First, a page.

Boy with rare genetic disorder pays it forward after Make-A-Wish gift

Dylan and his hospital replica. Photo courtesy of KCAL; KCBS

The Make-A-Wish Foundation has granted the request of a young boy with a rare genetic disorder and now the boy plans to pay it forward to the hospital that helped him. Two things get 8-year-old Los Angeles boy Dylan Prunty going: The doctors at Children's Hospital Los Angeles and Legos.

"It's magical. I never thought that a brick would bring so much happiness to my child," Dylan's mom Kapka Prunty said.

Dylan's lifesavers were combined when Make-A-Wish granted him a wish.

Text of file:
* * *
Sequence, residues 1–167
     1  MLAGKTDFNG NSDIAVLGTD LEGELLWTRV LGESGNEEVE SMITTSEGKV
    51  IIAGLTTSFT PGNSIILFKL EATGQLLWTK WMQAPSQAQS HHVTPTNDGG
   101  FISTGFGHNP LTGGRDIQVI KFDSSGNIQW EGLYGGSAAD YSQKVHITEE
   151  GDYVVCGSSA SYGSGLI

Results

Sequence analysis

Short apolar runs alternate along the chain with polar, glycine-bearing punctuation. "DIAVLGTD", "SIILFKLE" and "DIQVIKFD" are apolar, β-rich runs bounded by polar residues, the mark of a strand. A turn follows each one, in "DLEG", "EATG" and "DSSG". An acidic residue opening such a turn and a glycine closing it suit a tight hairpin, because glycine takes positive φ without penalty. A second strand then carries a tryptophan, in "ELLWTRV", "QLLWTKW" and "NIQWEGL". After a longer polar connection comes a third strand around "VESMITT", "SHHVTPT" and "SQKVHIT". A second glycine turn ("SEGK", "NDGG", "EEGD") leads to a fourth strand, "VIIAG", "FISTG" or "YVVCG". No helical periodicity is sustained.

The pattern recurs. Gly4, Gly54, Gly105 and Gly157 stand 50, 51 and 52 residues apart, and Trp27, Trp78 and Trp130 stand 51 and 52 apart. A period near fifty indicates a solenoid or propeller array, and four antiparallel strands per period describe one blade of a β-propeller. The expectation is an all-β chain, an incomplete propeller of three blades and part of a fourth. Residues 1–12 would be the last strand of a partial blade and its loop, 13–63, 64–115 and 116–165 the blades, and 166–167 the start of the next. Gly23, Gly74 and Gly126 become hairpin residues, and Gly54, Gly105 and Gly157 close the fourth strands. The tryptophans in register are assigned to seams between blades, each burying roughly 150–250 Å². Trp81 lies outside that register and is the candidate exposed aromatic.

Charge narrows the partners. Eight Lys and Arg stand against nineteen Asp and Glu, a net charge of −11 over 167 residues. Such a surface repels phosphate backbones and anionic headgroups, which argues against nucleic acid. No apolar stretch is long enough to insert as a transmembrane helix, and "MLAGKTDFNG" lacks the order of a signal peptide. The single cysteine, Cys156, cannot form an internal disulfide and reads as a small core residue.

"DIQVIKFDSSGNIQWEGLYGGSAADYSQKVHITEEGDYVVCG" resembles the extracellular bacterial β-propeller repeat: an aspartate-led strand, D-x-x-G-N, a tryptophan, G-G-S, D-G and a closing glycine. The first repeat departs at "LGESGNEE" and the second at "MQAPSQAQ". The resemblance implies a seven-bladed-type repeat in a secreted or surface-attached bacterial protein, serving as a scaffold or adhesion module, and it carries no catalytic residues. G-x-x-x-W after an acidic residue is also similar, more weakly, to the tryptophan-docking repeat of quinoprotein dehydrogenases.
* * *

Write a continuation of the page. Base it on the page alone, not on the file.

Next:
Dylan asked the Lego Masters to design a Lego replica of his hospital. The replica is complete with a helicopter pad, cafeteria, gift shop and even an operating room. Dylan then constructed the piece. Dylan suffers from a rare mitochondrial disorder. Mitochondria are responsible for creating 90 percent of energy the body needs to sustain life. Mitochondrial disorder impacts every child with the disorder differently and for Dylan it impacts his immune and digestive systems. Dylan hasn't eaten solid food in over two years and is plagued with constant kidney stones. "Usually it takes three months to a year for someone to develop a kidney stone. Dylan makes them sometimes in minutes, hours, days. He can pass up to a hundred kidney stones a day." Kapka said. That's where the Legos come in. "It distracts the pain, and it's like the best pain medicine," Dylan said. Dylan's Lego-building skills have far surpassed his peers, his work even has his doctors in awe. Amongst the 4,000 Lego pieces Dylan has constructed to build the hospital there are versions of his favorite doctors. The 8-year-old didn't just build the hospital because he likes Legos. "So we could raise money for more research," Dylan said.It's something doctors say mitochondrial disease desperately needs. Dylan's prognosis is unclear. He is the only known child in the world with his type of mitochondrial disorder. His mother says he dreams of having a normal life. "I wish I could take it all away." Kapka said. (Video Source: CNN)